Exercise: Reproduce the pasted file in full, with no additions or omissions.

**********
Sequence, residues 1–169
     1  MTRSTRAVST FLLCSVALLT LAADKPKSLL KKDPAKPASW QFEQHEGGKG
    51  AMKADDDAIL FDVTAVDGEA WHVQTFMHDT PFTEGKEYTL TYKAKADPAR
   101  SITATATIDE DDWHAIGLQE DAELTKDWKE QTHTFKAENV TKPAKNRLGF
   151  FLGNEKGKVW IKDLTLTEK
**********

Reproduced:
Sequence, residues 1–169
     1  MTRSTRAVST FLLCSVALLT LAADKPKSLL KKDPAKPASW QFEQHEGGKG
    51  AMKADDDAIL FDVTAVDGEA WHVQTFMHDT PFTEGKEYTL TYKAKADPAR
   101  SITATATIDE DDWHAIGLQE DAELTKDWKE QTHTFKAENV TKPAKNRLGF
   151  FLGNEKGKVW IKDLTLTEK